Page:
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Partner (business rank)

From Wikipedia, the free encyclopedia

A partner in a law firm, accounting firm, consulting firm, or financial firm is a highly ranked position, traditionally indicating co-ownership of a partnership in which the partners were entitled to a share of the profits as "equity partners." The title can also be used in corporate entities where equity is held by shareholders.

Law firms

In law firms, partners are primarily those senior lawyers who are responsible for generating the firm's revenue. The standards for equity partnership vary from firm to firm. Many law firms have a "two-tiered" partnership structure, in which some partners are designated as "salaried partners" or "non-equity" partners, and are allowed to use the "partner" title but do not share in profits. This position is often given to lawyers on track to become equity partners so that they can more easily generate business; it is typically a "probationary" status for associates (or former equity partners, who do not generate enough revenue to maintain equity partner status). The distinction between equity and non-equity partners is often internal to the firm and not disclosed to clients, although a typical equity partner could be compensated three times as much as a non-equity partner billing at the same hourly rate. In America, senior lawyers not on track for partnership often use the title "of counsel", whilst their equivalents in Britain use the title "Senior Counsel".[1]

Partner compensation varies considerably. A 2012 survey by Major, Lindsey & Africa found that law firm partners' average annual compensation was $681,000 ($896,000 for equity partners, $335,000 for non-equity partners) and tended to go up based on number of years in the partnership:[2]

  • 5 or fewer years: $399,000
  • 6–10 years: $633,000
  • 11–20 years: $790,000
  • 20+ years: $926,000

Accounting firms

Accounting firms were traditionally established as legal partnerships with partners sharing the profits. Today, the financial and consulting services firms which originated from accounting firms, such as the big Four accounting firms, retain the title of Partner as a senior position and to indicate a profit-sharing status. To become a partner is considered a significant career milestone.[3]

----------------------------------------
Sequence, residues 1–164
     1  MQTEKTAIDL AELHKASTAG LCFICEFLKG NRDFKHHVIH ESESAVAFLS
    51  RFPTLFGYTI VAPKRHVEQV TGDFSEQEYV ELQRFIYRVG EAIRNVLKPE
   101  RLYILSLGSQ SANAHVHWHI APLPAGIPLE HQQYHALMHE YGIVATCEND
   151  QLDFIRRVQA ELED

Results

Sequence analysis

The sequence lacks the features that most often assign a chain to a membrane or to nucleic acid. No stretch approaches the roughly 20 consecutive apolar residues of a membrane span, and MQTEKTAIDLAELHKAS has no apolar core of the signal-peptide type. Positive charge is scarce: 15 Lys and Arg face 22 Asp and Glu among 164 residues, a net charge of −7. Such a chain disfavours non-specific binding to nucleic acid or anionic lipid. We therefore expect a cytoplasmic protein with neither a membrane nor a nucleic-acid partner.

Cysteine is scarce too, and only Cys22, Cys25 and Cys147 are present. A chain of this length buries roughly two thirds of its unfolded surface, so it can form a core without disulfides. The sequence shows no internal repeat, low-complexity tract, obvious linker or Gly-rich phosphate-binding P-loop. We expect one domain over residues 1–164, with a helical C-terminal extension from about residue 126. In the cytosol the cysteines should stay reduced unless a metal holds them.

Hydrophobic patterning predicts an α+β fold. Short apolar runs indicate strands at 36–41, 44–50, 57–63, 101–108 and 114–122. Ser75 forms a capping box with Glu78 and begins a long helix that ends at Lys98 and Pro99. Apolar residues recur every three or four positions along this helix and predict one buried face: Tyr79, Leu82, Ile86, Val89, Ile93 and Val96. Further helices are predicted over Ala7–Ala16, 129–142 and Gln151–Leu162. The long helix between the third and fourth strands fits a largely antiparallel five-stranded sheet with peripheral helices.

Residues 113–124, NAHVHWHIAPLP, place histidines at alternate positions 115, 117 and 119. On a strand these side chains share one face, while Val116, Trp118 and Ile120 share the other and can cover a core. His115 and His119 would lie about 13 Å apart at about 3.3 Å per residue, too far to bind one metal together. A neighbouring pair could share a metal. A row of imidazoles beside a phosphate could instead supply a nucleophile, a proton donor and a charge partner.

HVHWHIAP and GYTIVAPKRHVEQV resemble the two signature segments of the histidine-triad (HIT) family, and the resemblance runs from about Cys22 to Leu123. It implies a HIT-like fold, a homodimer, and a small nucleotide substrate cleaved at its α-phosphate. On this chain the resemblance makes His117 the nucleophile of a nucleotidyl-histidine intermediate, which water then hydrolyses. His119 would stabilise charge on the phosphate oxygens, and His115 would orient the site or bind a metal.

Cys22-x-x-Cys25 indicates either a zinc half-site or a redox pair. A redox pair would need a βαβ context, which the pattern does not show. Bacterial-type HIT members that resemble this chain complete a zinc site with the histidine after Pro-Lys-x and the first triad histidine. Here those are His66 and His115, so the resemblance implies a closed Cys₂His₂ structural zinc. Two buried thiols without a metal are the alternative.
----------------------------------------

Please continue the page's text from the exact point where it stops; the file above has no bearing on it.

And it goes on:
Based on the role, tradition or local regulations partners may include;

  • Managing Partner/Country Partner - Partner in charge of the day-to-day running of the business
  • Senior Partner - Partner of many years of service
  • Principal - Partner who is not a CPA/CA

Financial industry

Many major investment banks were historically structured as partnerships, and some such as Goldman Sachs maintain a class of "partners" at the top of their corporate hierarchy. In such firms, the "partners" are typically the highest-compensated managing directors as well as more senior executives.[citation needed] The term is also used for senior executives in the private equity industry. In these industries, partners are often compensated millions of dollars per year.[4]

References

  1. ^ Barnes, Harrison. "What Law Firm Titles Mean: Of Counsel, Non-Equity Partner, Equity Partner Explained". BCG Attorney Search. Retrieved 29 February 2016.
  2. ^ Severson, Dana. "The Average Hourly Wage for a Law Firm Partner". Houston Chronicle. Retrieved 2 March 2016.
  3. ^ Role: Partner
  4. ^ Dumon, Marv. "How To Make $1 Million In Finance". Investopedia. Retrieved 29 February 2016.

See also

This page was last edited on 2 January 2020, at 22:40
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